I worked on the Federal Communications Commission’s 2016 Broadband Privacy Rules, upon which L.D. 946, An Act to Protect Privacy of Online Customer Personal Information, is based. I urge the Joint Committee and the legislature to pass L.D. 946 without delay. It is common sense legislation that would require broadband Internet access providers operating in the state to protect the privacy of their customers. L.D. 946 would ensure that broadband customers have meaningful choice, greater transparency and strong security protections for their personal information collected by ISPs.
On April 10, 2019, in a 232-to-190 vote divided along party lines, the House of Representatives voted to approve the Save the Internet Act (HR 1644). In doing so, Democrats made good on a promise that became a rallying cry in many progressive circles during the 2018 election: restore net neutrality.
With enormous progress being made by the Federal Communications Commission’s 2014 E-Rate modernization, it became clear that some schools were nonetheless being left behind. As a result, Benton commissioned Improving the Administration of E-Rate: Ensuring All Schoolchildren Get the High-Speed Broadband Connections They Need to help the FCC make good on the 2014 reforms -- and ensure that every student, regardless of income or geography, had access to the same digital learning opportunities.
Improving the Administration of E-Rate: Ensuring All Schoolchildren Get the High-Speed Broadband Connections They Need
A white paper written by Jonathan Sallet on behalf of Benton Foundation & EducationSuperHighway offering tangible steps that the Federal Communications Commission should take to instruct the Universal Service Administrative Company on how best to speed the approval of E-Rate projects that meet the legal requirements of the Telecommunications Act. The issues may seem arcane, bureaucratic, and/or legalistic. But they are important for two interlocking reasons.
Significant broadband policy continues to take shape: the Save the Internet Act advanced to the full House Committee on Energy & Commerce, the Federal Trade Commission launched a study into the privacy practices of internet service providers, and the Federal Communications Commission circulated a proposal to cap the Universal Service Fund. We take a look at what you may have missed this week.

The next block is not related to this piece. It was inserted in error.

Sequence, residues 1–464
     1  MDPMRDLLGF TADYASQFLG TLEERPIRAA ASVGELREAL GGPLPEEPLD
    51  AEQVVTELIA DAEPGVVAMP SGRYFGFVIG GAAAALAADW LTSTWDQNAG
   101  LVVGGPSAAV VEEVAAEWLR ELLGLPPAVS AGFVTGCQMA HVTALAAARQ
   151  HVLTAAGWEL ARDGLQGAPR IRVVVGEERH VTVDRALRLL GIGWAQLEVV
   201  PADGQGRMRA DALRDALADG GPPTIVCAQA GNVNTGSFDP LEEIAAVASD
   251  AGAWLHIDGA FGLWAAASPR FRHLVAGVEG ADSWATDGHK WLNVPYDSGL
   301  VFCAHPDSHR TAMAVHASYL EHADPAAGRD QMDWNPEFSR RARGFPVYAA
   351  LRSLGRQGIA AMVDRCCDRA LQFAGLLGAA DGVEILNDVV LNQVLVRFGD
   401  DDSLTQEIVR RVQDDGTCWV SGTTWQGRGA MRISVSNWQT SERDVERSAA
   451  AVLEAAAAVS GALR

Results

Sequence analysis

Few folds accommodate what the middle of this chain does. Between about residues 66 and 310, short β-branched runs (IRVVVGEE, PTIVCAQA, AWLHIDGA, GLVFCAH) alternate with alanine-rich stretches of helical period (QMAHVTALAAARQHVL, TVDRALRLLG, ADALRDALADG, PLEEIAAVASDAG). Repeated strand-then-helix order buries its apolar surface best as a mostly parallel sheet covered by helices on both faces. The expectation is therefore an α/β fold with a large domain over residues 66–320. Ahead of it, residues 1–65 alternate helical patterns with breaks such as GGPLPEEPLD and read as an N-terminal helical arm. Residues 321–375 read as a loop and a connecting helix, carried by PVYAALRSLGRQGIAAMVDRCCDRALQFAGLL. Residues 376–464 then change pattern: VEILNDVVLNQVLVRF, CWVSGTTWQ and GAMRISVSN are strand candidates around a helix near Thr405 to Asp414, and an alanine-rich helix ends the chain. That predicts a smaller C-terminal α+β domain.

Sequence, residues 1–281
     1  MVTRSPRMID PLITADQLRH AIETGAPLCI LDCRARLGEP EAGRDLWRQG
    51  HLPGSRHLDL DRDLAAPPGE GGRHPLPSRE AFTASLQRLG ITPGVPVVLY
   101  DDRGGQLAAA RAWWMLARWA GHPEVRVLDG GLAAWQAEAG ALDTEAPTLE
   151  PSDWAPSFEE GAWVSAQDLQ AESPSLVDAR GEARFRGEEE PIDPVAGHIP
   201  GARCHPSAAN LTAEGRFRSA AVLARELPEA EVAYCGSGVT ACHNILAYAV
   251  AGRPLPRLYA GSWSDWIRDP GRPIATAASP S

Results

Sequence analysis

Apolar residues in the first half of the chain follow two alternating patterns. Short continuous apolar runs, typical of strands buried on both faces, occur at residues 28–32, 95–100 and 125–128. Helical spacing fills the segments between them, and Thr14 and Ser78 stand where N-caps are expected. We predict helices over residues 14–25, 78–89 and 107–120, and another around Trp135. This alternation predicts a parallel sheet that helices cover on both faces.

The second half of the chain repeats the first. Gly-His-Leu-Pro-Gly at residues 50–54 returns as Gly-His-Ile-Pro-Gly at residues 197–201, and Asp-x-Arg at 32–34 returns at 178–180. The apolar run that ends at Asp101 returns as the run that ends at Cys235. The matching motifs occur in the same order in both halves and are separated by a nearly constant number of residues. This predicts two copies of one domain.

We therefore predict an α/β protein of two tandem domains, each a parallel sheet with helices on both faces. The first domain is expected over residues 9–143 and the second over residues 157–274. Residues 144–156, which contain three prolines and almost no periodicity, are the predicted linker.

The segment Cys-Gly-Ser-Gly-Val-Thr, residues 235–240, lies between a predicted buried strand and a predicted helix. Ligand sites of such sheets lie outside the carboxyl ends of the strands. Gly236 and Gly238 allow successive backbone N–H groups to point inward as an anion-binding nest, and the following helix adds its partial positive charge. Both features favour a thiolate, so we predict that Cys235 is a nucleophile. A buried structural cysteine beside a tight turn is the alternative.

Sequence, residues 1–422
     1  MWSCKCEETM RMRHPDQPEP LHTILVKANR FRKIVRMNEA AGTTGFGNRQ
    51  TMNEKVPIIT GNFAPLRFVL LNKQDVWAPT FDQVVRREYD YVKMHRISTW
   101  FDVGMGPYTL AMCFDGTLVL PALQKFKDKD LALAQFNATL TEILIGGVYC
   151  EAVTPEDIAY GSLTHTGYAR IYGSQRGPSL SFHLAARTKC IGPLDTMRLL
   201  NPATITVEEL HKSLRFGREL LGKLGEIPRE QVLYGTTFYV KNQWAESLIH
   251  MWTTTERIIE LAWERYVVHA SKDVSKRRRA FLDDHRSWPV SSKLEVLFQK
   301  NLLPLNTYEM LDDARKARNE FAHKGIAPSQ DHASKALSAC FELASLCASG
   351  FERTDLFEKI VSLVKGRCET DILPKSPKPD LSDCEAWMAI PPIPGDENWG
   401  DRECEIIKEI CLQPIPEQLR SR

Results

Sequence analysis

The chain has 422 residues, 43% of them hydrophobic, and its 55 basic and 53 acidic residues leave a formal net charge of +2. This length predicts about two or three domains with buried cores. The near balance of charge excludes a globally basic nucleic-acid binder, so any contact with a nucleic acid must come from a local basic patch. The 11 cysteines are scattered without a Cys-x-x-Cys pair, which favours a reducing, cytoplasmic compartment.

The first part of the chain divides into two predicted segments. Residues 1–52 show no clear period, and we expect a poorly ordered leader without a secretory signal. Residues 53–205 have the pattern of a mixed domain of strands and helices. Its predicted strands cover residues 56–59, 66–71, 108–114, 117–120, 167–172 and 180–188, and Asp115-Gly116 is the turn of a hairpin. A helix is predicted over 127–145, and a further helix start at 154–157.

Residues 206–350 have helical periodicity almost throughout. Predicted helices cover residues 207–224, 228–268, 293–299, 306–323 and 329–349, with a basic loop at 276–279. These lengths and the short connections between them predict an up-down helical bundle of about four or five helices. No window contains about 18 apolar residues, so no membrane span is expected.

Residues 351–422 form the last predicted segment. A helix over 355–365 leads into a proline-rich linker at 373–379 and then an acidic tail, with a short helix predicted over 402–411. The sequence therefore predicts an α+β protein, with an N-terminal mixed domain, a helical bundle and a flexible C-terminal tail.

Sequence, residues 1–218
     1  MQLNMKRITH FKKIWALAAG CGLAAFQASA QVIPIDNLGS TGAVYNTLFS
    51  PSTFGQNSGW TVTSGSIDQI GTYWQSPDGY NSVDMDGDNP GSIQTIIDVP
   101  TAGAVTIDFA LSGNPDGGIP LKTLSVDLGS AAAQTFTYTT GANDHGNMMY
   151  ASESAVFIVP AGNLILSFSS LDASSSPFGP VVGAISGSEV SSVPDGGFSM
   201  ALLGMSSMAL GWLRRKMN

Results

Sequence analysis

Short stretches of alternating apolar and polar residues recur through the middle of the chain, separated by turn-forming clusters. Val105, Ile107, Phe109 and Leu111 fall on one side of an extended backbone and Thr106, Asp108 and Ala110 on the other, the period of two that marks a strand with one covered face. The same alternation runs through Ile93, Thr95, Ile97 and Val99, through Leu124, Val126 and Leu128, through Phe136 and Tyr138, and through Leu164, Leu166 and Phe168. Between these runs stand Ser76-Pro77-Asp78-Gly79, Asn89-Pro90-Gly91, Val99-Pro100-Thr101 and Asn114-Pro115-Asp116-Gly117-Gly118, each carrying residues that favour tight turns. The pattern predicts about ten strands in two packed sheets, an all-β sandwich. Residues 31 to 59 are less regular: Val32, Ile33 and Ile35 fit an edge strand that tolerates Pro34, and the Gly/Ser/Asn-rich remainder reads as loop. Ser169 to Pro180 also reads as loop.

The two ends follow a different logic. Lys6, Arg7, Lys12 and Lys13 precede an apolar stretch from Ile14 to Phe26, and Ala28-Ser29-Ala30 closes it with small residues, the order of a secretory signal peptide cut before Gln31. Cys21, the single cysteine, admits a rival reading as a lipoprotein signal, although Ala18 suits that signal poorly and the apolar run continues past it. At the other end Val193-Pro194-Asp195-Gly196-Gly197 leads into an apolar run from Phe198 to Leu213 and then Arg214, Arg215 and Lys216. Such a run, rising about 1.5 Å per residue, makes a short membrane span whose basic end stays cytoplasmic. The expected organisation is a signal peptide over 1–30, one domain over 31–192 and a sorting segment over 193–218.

Washington policymakers and advocates are reacting to news that the Federal Communications Commission will propose to cap the Universal Service Fund.
FCC Commissioner Geoffrey Starks took to Twitter: "How can we talk about capping our Universal Service programs at a time when the Commission doesn’t seem to have a good handle on who currently has broadband and who does not?"
In this series, the Benton Foundation and the National Digital Inclusion Alliance (NDIA) explore the origins, strategies, challenges and funding mechanisms for successful digital inclusion organizations. In this article, we examine E2D, also known as Eliminate the Digital Divide -- a nonprofit in Charlotte (NC) that began with a focus on closing the homework gap. The mission of E2D is to ensure that all students have affordable access to essential at-home technology and digital literacy training to support academic success and prepare students for college, careers, and beyond.
The City of Tacoma (WA) is engaged in an effort to ensure that our public broadband network, Click!, continues to support our community well for decades to come. My colleagues and I recognize that we, like all American cities, stand on the front lines of efforts to achieve equity and opportunity. And, as broadband internet becomes a more critical foundational element of our economy and a vital tool for democratic engagement, our efforts must extend to ensuring it is deployed in a way that supports our efforts.
Benton Foundation Senior Fellow Jonathan Sallet's remarks at the Federal Trade Commission's hearing on Consumer Protection Issues in US Broadband Markets:
As the Federal Trade Commission considers the actions it can take to further broadband competition, I believe that it should consider three important points: